Letâ€™s assume that 4 â€“ 5âˆš2 is a rational number.
There exist co prime positive integers a and b
4 â€“ 5âˆš2 = a/b
â‡’ 5âˆš2 = 4 â€“ a/b
â‡’ âˆš2 = (4b â€“ a)/(5b)
â‡’ âˆš2 is rational [(4b â€“ a)/5b is a rational number]
This contradicts that âˆš2 is irrational. So, our assumption is wrong.
So we can say that, 4 â€“ 5âˆš2 is an irrational number.

### Question 6. Show that 5 âˆ’ 2âˆš3 is an irrational number.

Solution:

Letâ€™s assume on that 5 â€“ 2âˆš3 is a rational number.
There exist co prime positive integers a and b
5 â€“ 2âˆš3 = a/b
â‡’ 2âˆš3 = 5 â€“ a/b
â‡’ âˆš3 = (5b â€“ a)/(2b)
â‡’ âˆš3 is rational [(5b â€“ a)/2b is a rational number]
This contradicts that âˆš3 is irrational. So, our assumption is wrong.
So we can say that, 5 â€“ 2âˆš3 is an irrational number.

### Question 7. Prove that 2âˆš3 âˆ’ 1 is an irrational number.

Solution:

Letâ€™s assume that 2âˆš3 â€“ 1 is a rational number.
There exist co prime positive integers a and b
2âˆš3 â€“ 1 = a/b
â‡’ 2âˆš3 = a/b + 1
â‡’ âˆš3 = (a + b)/(2b)
â‡’ âˆš3 is rational [(a + b)/2b is a rational number]
This contradicts that âˆš3 is irrational. So, our assumption is wrong.
So we can say that, 2âˆš3 â€“ 1 is an irrational number.

### Question 8. Prove that 2 âˆ’ 3âˆš5 is an irrational number.

Solution:

Letâ€™s assume on that 2 â€“ 3âˆš5 is a rational number.
There exist co prime positive integers a and b such that
2 â€“ 3âˆš5 = a/b
â‡’ 3âˆš5 = 2 â€“ a/b
â‡’ âˆš5 = (2b â€“ a)/(3b)
â‡’ âˆš5 is rational [(2b â€“ a)/3b is a rational number]
This contradicts that âˆš5 is irrational. So, our assumption is wrong.
So we can say that, 2 â€“ 3âˆš5 is an irrational number.

### Question 9. Prove that âˆš5 + âˆš3 is irrational.

Solution:

Letâ€™s assume on that âˆš5 + âˆš3 is a rational number.
There exist co prime positive integers a and b
âˆš5 + âˆš3 = a/b
â‡’ âˆš5 = (a/b) â€“ âˆš3
â‡’ (âˆš5)2 = ((a/b) â€“ âˆš3)2 [Squaring on both sides]
â‡’ 5 = (a2/b2) + 3 â€“ (2âˆš3a/b)
â‡’ (a2/b2) â€“ 2 = (2âˆš3a/b)
â‡’ (a/b) â€“ (2b/a) = 2âˆš3
â‡’ (a2 â€“ 2b2)/2ab = âˆš3
â‡’ âˆš3 is rational [(a2 â€“ 2b2)/2ab is rational]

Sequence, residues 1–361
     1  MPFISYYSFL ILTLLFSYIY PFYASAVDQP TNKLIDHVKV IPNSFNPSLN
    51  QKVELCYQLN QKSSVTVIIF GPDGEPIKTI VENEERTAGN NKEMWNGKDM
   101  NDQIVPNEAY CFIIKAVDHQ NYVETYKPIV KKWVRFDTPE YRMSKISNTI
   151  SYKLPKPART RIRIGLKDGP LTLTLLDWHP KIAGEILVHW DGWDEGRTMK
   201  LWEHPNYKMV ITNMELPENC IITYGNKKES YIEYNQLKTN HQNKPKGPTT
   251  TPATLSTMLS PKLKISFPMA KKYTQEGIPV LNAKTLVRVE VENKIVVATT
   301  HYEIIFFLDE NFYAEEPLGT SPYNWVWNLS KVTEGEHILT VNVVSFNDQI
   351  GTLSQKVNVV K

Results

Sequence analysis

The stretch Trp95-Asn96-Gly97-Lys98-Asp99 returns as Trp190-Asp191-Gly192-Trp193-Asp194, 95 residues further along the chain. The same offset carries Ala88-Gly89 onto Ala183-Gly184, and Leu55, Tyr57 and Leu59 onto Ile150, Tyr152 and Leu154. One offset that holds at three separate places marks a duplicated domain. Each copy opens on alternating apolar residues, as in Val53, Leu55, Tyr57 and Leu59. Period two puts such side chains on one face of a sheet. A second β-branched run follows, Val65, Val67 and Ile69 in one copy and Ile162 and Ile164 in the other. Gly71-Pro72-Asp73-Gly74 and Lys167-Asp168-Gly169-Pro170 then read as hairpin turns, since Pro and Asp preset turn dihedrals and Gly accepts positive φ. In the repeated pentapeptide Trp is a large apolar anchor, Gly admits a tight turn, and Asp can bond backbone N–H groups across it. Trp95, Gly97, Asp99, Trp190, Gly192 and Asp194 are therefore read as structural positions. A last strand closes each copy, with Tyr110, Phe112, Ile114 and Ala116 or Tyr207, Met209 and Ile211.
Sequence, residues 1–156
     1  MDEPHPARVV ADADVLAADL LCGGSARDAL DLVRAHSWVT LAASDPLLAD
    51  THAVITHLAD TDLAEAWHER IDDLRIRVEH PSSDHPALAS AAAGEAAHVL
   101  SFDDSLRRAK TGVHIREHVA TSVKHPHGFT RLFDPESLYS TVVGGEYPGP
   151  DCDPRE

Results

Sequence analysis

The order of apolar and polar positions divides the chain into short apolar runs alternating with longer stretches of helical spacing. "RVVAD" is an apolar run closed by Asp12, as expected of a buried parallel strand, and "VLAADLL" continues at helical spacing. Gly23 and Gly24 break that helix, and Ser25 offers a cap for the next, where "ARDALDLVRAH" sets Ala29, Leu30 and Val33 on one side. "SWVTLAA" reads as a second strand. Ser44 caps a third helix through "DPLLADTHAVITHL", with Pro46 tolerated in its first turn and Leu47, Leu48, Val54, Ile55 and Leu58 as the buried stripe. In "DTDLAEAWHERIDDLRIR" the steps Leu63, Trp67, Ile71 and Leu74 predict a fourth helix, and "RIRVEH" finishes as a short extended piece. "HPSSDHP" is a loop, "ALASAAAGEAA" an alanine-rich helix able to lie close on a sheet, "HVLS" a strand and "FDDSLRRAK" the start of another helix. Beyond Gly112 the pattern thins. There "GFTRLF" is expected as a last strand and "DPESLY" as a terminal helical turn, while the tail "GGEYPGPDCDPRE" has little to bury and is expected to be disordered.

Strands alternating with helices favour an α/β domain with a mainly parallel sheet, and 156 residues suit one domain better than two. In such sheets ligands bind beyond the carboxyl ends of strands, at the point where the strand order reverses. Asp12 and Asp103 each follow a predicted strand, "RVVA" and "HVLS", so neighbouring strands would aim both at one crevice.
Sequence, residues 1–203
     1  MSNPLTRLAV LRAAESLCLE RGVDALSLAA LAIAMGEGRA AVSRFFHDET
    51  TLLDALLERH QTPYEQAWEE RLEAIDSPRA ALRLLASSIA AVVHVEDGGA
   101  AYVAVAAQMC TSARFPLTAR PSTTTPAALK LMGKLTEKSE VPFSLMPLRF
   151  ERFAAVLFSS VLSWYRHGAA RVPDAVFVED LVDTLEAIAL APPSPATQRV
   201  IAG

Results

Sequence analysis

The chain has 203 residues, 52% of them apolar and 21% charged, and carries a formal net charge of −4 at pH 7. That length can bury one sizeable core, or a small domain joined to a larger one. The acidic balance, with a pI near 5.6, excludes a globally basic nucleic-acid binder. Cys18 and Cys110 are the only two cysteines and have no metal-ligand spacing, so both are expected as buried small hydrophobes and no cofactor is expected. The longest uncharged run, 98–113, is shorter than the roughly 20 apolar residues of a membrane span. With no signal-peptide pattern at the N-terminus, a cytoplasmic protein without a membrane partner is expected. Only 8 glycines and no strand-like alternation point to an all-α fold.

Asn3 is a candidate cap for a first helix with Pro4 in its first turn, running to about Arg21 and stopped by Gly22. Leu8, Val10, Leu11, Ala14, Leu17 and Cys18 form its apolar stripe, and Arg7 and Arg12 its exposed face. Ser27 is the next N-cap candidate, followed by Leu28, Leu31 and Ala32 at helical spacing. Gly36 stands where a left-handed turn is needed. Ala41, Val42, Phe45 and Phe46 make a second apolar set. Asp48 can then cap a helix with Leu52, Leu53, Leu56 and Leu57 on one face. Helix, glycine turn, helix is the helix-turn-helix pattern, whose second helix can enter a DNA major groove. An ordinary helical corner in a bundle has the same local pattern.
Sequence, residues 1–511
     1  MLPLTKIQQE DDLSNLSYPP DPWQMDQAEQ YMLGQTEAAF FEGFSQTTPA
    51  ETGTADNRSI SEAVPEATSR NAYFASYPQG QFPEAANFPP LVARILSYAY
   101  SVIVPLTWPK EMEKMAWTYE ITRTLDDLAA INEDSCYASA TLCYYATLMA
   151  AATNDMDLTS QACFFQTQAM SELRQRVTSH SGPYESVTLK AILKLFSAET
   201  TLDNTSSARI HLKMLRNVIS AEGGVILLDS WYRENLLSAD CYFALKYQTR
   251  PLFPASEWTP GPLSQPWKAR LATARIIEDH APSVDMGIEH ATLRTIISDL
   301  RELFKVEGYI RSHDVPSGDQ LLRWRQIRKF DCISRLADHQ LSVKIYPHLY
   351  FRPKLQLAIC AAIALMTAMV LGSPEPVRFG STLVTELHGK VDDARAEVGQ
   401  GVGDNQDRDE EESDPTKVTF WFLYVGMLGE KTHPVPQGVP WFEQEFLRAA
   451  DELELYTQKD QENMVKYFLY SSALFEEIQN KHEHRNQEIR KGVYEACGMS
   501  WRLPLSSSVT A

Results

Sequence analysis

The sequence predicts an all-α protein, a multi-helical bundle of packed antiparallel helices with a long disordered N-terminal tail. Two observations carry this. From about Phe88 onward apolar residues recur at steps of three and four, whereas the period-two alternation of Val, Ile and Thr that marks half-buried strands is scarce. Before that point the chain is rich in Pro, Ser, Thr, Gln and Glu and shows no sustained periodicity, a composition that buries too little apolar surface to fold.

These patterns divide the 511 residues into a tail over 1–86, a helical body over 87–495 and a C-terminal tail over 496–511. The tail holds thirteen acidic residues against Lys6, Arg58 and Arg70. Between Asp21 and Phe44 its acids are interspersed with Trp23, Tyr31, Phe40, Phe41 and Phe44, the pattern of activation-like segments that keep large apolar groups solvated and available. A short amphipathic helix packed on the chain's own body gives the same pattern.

This contradicts that âˆš3 is irrational. So, our assumption is wrong.
so we can say that, âˆš5 + âˆš3 is an irrational number.

### Question 10. Prove that âˆš2 + âˆš3 is irrational.

Solution:

Letâ€™s assume on that âˆš2 + âˆš3 is a rational number.
There exist co prime positive integers a and b.
âˆš2 + âˆš3 = a/b
â‡’ âˆš2 = (a/b) â€“ âˆš3
â‡’ (âˆš2)2 = ((a/b) â€“ âˆš3)2 [Squaring on both sides]
â‡’ 2 = (a2/b2) + 3 â€“ (2âˆš3a/b)
â‡’ (a2/b2) + 1 = (2âˆš3a/b)
â‡’ (a/b) + (b/a) = 2âˆš3
â‡’ (a2 + b2)/2ab = âˆš3
â‡’ âˆš3 is rational [(a2 + 2b2)/2ab is rational]
This contradicts that âˆš3 is irrational. So, our assumption is wrong.
So we can say that, âˆš2 + âˆš3 is an irrational number.

### Question 11. Prove that for any prime positive integer p, âˆšp is an irrational number.

Solution:

Assume that âˆšp as a rational number
Again Assume that âˆšp = a/b where a and b are integers and b â‰  0
By squaring on both sides
p = a2/b2
pb = a2/b
p and b are integers pb= a2/b will also be an integer
But we know that a2/b is a rational number. so our assumption is wrong
So, âˆšp is an irrational number.

### Question 12. If p, q are prime positive integers, prove that âˆšp + âˆšq is an irrational number.

Solution:

Letâ€™s assume on the contrary that âˆšp + âˆšq is a rational number.
Then, there exist co prime positive integers a and b such that
âˆšp + âˆšq = a/b
â‡’ âˆšp = (a/b) â€“ âˆšq
â‡’ (âˆšp)2 = ((a/b) â€“ âˆšq)2 [Squaring on both sides]
â‡’ p = (a2/b2) + q â€“ (2âˆšq a/b)
â‡’ (a2/b2) â€“ (p+q) = (2âˆšq a/b)
â‡’ (a/b) â€“ ((p+q)b/a) = 2âˆšq
â‡’ (a2 â€“ b2(p+q))/2ab = âˆšq
â‡’ âˆšq is rational [(a2 â€“ b2(p+q))/2ab is rational]
This contradicts that âˆšq is irrational. So, our assumption is wrong.
so we can say that, âˆšp + âˆšq is an irrational number.